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  • Julian Talbot

Yet another article about risk matrices

A sure way to stir up comments and attention on LinkedIn seems to be to post anything positive about risk matrices. For reasons that I struggle to understand, risk matrices appear to be extraordinarily polarizing.

Risk Matrix showing both positive and negative risks
Risk Matrix showing both positive and negative risks

Most people who support risk matrices are open-minded about the benefits and limitations. There are also many intensely anti-matrix individuals. They seem to stubbornly refuse to accept the possibility that risk matrices have any place in risk management.

They regularly cite some excellent articles against risk matrices. Unfortunately, when you read the articles and research in-depth, most have serious flaws, such as the following.

  1. Selecting poorly designed, fundamentally flawed matrices as the basis for analysis.

  2. Reliance on vague risk statements. Using ill-defined risks would result in the same conclusions for any risk assessment tool. For example, analyzing risks such as "severe losses of drilling fluid, well-control issues, and blowout" as one oil and gas study attempted is a fool's errand. These are events, not risks. There are many possible sources of risk (e.g., negligence, weather, sabotage) and many consequences (e.g., reputation, death, finances), as well as countless assets at risk (e.g., inventory, infrastructure, capability). Changing even one thing (e.g., the source being weather vs. sabotage or terrorist attack) fundamentally changes the nature of the risk. Well-control issues are multiple risks. Little wonder that it can't be assessed on a risk matrix. Or any other tool for that matter.

  3. Risk matrices are often assumed to be the only tool being used, ignoring the reality that a good operator can understand and work around their limitations

  4. Risk matrices can be cost-effective for time-critical, under-resourced, or low-complexity risks such as manual handling. Little discussion of this was made in any of the papers.

  5. There is little research on the benefits, such as facilitating a discussion or presenting and contrasting risks.

  6. Many, if not most, highly successful organizations use them. There is no evidence that I could find regarding the long-term viability of an organization that correlates with the use of risk matrices.

  7. ISO31000 process involves risk evaluation after the analysis, mainly addressing most criticisms. Analyzing risk matrices without the evaluation and treatment phases of risk assessment is a fundamental flaw of the studies.

  8. Using risk matrices to multiply likelihood x consequence sets them up to fail. And yet, this is precisely what many organizations and most papers do. Most of the documents admit this, or at least expose it, as a limitation, but it is an issue that is easily fixed.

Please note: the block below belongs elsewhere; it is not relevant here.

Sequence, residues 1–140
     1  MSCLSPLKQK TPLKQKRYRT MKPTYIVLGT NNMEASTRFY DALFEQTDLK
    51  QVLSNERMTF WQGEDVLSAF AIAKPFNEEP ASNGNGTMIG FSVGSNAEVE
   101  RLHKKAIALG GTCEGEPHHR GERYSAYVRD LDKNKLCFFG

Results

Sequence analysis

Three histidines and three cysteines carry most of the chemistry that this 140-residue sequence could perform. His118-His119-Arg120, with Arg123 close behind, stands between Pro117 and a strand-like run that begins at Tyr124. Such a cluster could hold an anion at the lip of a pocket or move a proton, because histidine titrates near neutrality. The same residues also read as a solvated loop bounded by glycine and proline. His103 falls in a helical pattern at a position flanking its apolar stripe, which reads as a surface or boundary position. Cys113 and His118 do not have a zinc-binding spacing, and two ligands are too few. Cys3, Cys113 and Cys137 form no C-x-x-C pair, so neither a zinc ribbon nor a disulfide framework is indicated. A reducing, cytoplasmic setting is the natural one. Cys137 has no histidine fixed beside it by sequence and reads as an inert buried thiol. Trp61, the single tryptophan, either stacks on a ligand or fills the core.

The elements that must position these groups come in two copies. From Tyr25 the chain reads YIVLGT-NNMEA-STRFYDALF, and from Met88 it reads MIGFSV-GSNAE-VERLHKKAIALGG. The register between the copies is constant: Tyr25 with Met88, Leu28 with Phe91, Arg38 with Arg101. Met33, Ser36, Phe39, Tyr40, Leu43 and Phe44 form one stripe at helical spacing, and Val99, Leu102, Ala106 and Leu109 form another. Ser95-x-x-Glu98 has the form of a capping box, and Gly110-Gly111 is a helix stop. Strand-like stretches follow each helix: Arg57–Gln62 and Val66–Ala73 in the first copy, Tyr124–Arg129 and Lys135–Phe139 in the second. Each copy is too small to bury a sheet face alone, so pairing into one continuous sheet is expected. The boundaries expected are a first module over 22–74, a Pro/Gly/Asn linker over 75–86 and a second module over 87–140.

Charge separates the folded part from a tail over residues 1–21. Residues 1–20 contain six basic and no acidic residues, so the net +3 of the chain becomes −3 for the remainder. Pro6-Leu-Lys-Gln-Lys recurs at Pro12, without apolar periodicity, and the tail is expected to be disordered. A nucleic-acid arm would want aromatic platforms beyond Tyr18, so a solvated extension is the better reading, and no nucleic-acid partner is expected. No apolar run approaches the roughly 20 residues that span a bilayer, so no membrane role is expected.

9. Other inputs, such as statistical analysis, historical data, the Delphi technique, threat assessments, scenario modeling, etc., can and often are used to improve their accuracy and effectiveness. This is not discussed in the literature to any great extent and is a common limitation of the studies.

  10. No analysis of the benefits of risk matrices when used with other inputs and methods as appropriate for the organization's and situation's specific needs

  11. Ignoring the evidence that they are widely used for mundane risk assessments and failing to suggest alternatives for less complex activities such as construction work or travel planning.

  12. Much of the literature assumes that everyone uses risk matrices the same way. Many criticisms of risk matrices are from people who used them poorly, had poorly designed risk matrices, or used them in isolation from other inputs.

  13. Ignoring the detail that people rarely use a risk matrix for analysis per se. A common approach, often conflated, with risk matrices is that an assessor will identify risks. Then document them in a risk register and record the likelihood using the organization's risk criteria. And then evaluate consequences against organizational risk criteria. And then possibly, but not necessarily, use a matrix to establish a semi-quantitative (prioritization) for the risks.

It is worth noting that many criticisms of risk matrices are made by people who cite the literature but haven't read it.

A Critique of the Critiques

Note: This is not a criticism of the authors, many of whom are far more capable than I am. I have read all the works mentioned in this article and gained some excellent insights. The critique below is about the scope of their analysis, not about their work or the conclusions they draw. In most cases, I agree with what they have written. Their findings are mainly valid within the scope and content of their studies. A laboratory study, however, to establish the LD50 of a drug does not reflect how people use it in the real world. And thus, when you take a poorly defined risk matrix in isolation from the inputs used, it doesn't reflect real-world results.